Hotel Rwanda sees Don Cheadle playing a luxury hotel manager Paul, a Hutu who spends his time charming people of influence. His wife is Tutsi and the he is respected by the corporate owners of the hotel based in Belgium.

As the conflict escalates and using bribes in terms of money and booze to some sympathetic Hutu bigwigs to tune a blind eye he brings over some Tutsi neighbours and his family to the hotel.

Once the UN decide that the country is too dangerous and decide to leave and leave the Tutsis to their deaths, Paul opens up the hotel to the Tutsis and then figure out how to get everyone to safety as the Hutu militia are sensing blood.

The film is based on true events and has a docu-drama feel to it by director Terry George. The film has strong performances from Cheadle, Nick Nolte and Sophie Okonedo.

Maybe because I saw Shtting Dogs first there was an element of seen it all before. The film could had done with more spikiness as to why UN forces left people to such a fate when they were supposed to be protecting them.
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An imperfect film but still a devastatingly emotional one that cries out to be seen (mild spoilers)
bob the moo31 March 2005
Warning: Spoilers
In 1994 tensions are high in Rwanda between the ruling Hutus and the Tutsis rebels while the UN tries to broken a peace agreement. This is of little interest to Paul Rusesabagina, a Hutu with a Tutsis wife whose position within a leading hotel means he has to curry favour with many officials and smoothing over any potential problems at every turn. When the Hutu president is assassinated, a massacre of Tutsis begin – adults and children alike. With the UN unable to take action due to the indifference of the West the murders continue and Paul finds himself with a hotel, evacuated of important whites but full of Tutsis refugees as the Hutus seek to finish the job they started.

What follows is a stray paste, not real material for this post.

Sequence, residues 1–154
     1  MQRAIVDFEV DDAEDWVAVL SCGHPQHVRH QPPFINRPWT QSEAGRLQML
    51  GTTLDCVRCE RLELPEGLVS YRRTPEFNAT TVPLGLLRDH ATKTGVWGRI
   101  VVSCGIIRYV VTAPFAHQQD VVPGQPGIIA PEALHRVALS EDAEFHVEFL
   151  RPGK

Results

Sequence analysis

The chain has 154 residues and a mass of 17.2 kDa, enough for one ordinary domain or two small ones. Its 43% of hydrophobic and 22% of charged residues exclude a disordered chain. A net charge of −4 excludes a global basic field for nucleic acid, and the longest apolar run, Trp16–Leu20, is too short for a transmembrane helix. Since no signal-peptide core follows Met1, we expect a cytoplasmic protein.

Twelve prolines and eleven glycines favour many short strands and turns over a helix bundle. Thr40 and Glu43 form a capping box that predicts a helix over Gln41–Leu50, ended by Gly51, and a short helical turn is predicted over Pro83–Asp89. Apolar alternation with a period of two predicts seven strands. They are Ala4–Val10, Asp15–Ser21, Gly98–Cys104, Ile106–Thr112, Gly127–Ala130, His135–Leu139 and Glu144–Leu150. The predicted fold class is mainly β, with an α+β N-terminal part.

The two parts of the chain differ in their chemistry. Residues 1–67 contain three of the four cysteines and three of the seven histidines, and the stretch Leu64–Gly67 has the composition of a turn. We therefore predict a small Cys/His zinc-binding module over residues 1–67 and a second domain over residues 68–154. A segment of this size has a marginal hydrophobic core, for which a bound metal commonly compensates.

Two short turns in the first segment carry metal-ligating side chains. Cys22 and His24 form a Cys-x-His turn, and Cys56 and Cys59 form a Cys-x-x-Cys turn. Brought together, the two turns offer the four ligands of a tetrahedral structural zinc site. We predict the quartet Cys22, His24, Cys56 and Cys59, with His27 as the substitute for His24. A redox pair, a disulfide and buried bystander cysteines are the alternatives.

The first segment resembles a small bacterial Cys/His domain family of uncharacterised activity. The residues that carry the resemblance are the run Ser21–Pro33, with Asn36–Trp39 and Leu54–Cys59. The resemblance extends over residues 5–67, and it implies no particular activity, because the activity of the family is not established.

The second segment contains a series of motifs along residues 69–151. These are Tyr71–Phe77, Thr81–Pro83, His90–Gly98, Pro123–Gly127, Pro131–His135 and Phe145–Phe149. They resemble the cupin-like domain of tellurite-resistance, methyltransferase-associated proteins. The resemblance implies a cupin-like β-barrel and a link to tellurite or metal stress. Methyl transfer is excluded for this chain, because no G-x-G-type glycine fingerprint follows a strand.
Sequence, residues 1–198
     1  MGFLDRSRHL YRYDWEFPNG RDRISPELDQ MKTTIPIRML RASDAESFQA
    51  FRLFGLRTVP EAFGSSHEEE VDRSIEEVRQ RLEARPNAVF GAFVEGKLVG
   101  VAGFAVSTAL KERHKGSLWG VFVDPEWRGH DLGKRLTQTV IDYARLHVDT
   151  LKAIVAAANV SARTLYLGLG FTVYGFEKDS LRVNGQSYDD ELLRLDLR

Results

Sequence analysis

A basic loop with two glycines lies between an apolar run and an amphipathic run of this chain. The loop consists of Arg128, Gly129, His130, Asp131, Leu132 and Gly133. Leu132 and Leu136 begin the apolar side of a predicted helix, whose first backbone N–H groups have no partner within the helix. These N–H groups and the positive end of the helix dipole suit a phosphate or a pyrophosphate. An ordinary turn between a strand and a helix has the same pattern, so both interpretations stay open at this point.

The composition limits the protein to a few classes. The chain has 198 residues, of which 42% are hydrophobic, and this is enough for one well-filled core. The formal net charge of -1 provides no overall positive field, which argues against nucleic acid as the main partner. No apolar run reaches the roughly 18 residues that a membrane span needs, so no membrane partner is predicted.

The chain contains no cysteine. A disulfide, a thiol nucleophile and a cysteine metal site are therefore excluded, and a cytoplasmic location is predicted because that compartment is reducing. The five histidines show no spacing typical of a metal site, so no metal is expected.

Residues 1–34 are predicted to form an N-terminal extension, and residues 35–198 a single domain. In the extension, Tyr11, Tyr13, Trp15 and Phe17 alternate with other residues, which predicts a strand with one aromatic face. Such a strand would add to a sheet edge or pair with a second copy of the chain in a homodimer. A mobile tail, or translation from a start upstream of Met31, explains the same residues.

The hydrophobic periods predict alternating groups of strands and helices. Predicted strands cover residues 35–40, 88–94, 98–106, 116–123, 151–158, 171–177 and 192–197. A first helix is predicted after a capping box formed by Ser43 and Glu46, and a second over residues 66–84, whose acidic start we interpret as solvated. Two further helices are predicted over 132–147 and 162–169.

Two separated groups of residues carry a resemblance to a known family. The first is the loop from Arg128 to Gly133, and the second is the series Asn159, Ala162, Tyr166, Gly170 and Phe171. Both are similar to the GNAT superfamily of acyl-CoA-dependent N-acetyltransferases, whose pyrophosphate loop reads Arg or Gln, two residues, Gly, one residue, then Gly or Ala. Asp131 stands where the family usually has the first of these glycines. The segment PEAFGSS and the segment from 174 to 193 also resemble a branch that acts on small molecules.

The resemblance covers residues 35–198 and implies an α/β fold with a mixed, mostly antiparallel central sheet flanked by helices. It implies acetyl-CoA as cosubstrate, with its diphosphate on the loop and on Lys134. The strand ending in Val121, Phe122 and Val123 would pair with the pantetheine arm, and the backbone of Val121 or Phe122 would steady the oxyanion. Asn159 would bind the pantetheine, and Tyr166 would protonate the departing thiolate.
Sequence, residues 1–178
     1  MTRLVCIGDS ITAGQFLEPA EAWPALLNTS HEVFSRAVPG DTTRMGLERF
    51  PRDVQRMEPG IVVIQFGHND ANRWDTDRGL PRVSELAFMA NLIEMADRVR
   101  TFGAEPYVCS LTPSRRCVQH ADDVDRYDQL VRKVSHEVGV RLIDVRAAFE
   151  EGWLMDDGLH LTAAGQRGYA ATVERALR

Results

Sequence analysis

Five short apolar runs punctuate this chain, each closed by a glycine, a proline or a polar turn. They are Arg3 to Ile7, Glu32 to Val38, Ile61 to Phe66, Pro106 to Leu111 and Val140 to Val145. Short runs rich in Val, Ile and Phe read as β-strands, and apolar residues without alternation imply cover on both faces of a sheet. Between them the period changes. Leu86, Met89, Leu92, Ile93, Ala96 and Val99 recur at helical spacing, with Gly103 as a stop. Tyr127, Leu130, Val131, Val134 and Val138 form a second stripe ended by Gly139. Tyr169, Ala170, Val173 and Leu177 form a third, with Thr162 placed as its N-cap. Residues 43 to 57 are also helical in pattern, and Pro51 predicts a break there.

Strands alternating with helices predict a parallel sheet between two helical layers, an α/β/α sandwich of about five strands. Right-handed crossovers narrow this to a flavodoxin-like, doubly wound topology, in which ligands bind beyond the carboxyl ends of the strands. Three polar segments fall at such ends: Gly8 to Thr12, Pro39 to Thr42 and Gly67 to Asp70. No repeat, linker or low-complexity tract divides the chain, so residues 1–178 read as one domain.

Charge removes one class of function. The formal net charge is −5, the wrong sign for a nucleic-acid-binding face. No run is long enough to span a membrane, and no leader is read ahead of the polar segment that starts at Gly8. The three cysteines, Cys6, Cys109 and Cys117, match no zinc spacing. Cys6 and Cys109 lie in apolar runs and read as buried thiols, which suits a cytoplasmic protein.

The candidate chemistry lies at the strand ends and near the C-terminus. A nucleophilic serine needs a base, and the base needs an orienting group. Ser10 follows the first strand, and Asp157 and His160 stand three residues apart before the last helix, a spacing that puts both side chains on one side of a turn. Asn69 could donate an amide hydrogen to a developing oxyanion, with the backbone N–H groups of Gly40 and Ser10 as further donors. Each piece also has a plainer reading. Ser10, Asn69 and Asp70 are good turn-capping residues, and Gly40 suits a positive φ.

I'm not entirely sure how one can review this film with a clear mind because no matter how good or bad a film it is, it is near impossible not to left shaken by the events it depicts. The plot follows the story of Paul Rusesabagina, who pulled all the strings he could to protect the Tutsis refugees who wound up in his hotel during the genocide by the Hutus. In this regard we are given a way into the atrocities through this specific story and this is both a strength and a weakness in the telling. The strength is that it gives us a focal point and a point of emotional connection that we can relate to and see a human face in the way that the terrifying numbers do not. However the downside of this is that it makes the story smaller than it could have been and puts the scale of atrocities outside of our direct view for the majority. It also means that it produces a "happy" ending that leaves you with a sense of some respite (not to mention the obligatory "African" song). This was a problem for me because the film had succeeded in gutting me at points and I didn't want to be left with any upbeat note – I wanted to go away feeling just like the foreign photographer did; "f**king ashamed".